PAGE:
The Yucatan Peninsula is best known for two things: stunning beaches and amazing Mayan ruins. If you need a break from the sand and sea, exploring Mayan ruins offers a deeper understanding of Mexican history. On this Yucatan Peninsula Ruins tour, we’ll take you to the most popular ancient cities for a look into the life of this pre-Hispanic civilization.

And for natural beauty and cultural significance, there are the famous “cenotes”. The Mayans worshipped these “sacred wells”, and today, these natural sinkholes are refreshing natural swimming holes. Visiting a cenote is a must-do on any Yucatan vacation, and on this tour, you’ll be able to visit one of the country’s most popular.

Cancun is without doubt the most popular location on the Yucatan Peninsula. Offering convenient international connections at Cancun Airport, it’s a great starting point for your Yucatan Peninsula Ruins tour.

With Daytrip, your private driver will collect you from your accommodation, take care of your luggage and take you to your destination. We also give you the opportunity to stop at some of the best sights along the way, allowing you to see things you might otherwise miss!


Here’s your Yucatan Peninsula Ruins itinerary:


Day 1: Cancun to Tulum

Once you’ve spent some time in tourist hot-spot Cancun, we’ll take you to its equally popular, but slightly less touristic counterpart; the Mayan city of Tulum. We’ve picked a short route for you on Day 1 of your Daytrip itinerary to give you plenty of time to enjoy all Tulum has to offer. First, we will take you to two great attractions before you reach your destination.

El Rey Ruins

For your first taste of Mayan culture, you don’t even have to leave Cancun’s Hotel Zone. The El Rey Ruins date from the 14th and 16th centuries as part of the Mayan Trade route. While no one knows what the Mayan name for the settlement was, the remains of a noble, or possibly even king were uncovered here, earning it the nickname “El Rey”. Take an hour to explore the two temples and other structures, all of which are now part of an iguana kingdom.

Two Eyes Cenote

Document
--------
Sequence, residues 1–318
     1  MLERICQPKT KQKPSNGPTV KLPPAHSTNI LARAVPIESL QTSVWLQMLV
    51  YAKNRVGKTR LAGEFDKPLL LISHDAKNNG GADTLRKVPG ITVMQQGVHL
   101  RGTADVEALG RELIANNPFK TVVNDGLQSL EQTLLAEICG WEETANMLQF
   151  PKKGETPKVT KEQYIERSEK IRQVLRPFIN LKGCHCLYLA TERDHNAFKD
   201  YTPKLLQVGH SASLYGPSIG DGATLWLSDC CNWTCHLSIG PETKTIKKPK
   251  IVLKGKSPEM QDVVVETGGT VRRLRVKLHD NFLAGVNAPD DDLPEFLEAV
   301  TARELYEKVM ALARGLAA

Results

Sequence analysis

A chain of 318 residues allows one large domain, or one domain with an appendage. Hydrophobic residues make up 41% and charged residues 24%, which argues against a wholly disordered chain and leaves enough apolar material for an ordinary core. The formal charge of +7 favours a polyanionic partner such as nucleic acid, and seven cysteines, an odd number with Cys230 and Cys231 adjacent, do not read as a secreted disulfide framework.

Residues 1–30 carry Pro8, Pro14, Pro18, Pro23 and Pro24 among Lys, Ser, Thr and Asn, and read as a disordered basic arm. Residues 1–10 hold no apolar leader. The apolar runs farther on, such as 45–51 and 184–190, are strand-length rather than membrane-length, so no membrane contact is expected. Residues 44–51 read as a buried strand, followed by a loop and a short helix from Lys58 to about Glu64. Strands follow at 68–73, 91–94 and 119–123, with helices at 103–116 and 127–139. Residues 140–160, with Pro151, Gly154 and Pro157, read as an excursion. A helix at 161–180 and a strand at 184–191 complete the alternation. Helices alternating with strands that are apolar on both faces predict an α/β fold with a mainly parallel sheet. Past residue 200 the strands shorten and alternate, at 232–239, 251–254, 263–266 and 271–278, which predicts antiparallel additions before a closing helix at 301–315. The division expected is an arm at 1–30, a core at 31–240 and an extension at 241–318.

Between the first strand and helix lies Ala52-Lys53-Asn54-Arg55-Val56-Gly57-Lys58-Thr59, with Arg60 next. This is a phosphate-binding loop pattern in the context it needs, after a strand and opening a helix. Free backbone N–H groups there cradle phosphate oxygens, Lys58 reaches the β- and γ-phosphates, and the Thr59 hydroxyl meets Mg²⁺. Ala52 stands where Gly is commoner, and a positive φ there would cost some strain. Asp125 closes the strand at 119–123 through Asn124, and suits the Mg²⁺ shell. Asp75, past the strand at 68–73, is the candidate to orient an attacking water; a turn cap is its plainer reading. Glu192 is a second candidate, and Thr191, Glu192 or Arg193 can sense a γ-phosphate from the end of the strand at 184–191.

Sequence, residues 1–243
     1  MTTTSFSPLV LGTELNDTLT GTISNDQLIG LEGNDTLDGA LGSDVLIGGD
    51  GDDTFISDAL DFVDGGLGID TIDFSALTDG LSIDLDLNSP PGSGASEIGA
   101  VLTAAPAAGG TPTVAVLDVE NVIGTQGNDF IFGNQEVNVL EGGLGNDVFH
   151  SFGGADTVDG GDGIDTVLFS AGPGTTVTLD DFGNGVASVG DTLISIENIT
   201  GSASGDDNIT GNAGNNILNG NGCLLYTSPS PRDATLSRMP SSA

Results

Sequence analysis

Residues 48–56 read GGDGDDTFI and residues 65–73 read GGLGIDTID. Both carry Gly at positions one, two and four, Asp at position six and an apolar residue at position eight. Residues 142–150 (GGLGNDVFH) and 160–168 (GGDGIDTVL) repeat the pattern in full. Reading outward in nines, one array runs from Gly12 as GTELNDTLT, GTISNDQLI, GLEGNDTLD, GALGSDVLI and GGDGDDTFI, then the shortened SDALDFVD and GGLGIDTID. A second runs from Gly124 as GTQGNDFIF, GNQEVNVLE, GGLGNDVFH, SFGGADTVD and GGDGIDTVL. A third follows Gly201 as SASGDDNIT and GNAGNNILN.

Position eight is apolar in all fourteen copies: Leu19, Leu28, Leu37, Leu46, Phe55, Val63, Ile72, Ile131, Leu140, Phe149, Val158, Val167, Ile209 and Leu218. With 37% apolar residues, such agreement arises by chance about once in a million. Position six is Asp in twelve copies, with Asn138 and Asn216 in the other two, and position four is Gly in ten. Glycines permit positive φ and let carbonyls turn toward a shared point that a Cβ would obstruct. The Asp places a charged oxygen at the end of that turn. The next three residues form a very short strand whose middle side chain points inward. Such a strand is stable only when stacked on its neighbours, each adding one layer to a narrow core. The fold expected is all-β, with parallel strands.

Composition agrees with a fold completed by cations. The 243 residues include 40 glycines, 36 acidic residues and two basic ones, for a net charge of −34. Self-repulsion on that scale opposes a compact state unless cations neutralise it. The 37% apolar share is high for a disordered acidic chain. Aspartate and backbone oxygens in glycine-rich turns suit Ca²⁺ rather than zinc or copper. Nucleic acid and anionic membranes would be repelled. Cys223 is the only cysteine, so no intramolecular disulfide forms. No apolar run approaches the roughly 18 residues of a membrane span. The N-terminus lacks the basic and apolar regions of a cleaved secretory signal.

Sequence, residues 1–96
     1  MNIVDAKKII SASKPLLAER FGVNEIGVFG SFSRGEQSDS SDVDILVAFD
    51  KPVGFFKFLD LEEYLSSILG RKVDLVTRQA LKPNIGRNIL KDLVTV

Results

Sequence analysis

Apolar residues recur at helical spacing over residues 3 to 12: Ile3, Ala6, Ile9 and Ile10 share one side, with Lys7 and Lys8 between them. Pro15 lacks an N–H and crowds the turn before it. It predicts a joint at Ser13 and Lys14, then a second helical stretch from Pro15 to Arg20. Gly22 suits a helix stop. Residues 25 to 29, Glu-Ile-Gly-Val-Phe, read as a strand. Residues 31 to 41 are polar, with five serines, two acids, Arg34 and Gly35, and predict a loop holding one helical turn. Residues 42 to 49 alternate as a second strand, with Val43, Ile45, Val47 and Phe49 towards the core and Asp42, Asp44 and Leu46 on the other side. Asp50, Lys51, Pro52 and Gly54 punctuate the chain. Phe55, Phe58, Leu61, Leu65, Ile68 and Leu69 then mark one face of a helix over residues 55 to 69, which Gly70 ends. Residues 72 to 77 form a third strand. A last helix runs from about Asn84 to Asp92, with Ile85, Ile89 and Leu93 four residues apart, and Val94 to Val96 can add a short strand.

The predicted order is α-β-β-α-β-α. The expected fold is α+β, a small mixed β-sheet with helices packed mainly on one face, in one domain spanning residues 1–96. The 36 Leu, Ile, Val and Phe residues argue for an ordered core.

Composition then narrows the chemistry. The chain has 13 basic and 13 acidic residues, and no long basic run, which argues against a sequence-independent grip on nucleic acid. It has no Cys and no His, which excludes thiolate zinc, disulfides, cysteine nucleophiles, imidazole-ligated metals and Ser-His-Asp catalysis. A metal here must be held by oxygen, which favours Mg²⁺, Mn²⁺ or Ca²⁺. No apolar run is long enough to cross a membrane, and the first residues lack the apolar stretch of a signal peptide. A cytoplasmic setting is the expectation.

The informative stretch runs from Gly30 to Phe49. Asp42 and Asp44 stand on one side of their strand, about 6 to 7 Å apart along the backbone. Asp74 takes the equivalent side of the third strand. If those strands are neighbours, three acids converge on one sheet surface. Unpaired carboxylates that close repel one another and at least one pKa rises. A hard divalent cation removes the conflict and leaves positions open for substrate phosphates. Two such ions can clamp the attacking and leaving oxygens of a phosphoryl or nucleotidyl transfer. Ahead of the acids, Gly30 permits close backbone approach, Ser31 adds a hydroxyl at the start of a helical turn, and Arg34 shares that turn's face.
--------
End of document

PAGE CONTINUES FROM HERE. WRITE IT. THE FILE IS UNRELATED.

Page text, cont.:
The Two Eyes Cenote is one of the most popular cenotes in all of Mexico. Stop for 75 minutes to experience the two sinkholes. They’re connected by a subterranean passageway, which is itself part of one of the longest underwater cave systems in the world. One of the pools is dark and cavernous, and in contrast the second is surrounded by trees and natural vegetation through which the light blazes, illuminating the water which shines a bright turquoise-blue. Snorkeling and diving are popular here, but swimming and simply spectating can also be enjoyed.

Arrival in Tulum

Tulum is equal parts beautiful, relaxing beach town and cultural, historically significant centre. There’s no doubt that the long stretches of white sand beaches and the sparkling blue waters are some of the best in Mexico. Still less trodden than neighboring Cancun and Playa del Carmen, Tulum is popular for its laid-back charm in tranquil surroundings.

Founded in the 13th century by the Mayans as a fortified port, it was one of the last cities the empire built before its collapse. Thanks to its strategic location it played an important part in the Maya’s extensive trade network, connecting maritime and land routes in a place where land meets sea.

Literally meaning “wall” in ancient Yucatec language, Tulum offers a unique opportunity to see the only Mayan settlement built on the Caribbean beaches. 

The Tulum ruins are walled to the east, and to the west, face the glorious Caribbean sea. They sit atop a cliff on the edge of the ocean and the views are nothing short of spectacular. Though you cannot enter the temples and the ruins attract a lot of tourists, they’re not to be missed if only for the views.

After exploring the ancient ruins you can dive, snorkel or swim in the lush ocean or partake in one of many other water sports on offer. Tulum is packed with bars and restaurants for when you’re ready to unwind in the evening, with plenty of cocktails and dancing on offer too.


Duration: 4 hours and 48 minutes

Book a car from Cancun to Tulum


Day 2: Tulum to Valladolid

From a picturesque coastal city to a hidden jungle gem inland, today you’ll travel from Tulum to Valladolid via popular Coba and Ek Balam ruins.


Though it’s now surrounded by dense jungle, at its peak around 900 AD, Coba covered 80 km² and was home to an estimated 50,000 inhabitants. The Mayan version of Rome, it had the largest network of highways radiating from its central pyramid. Spend two hours exploring the archaeological site, and be sure to climb to the top of the Ixmoja pyramid (the tallest in Northern Yucatan at 42 meters high!). The 120 steep, stone steps are a workout, but the views across the whole archaeological site are worth it.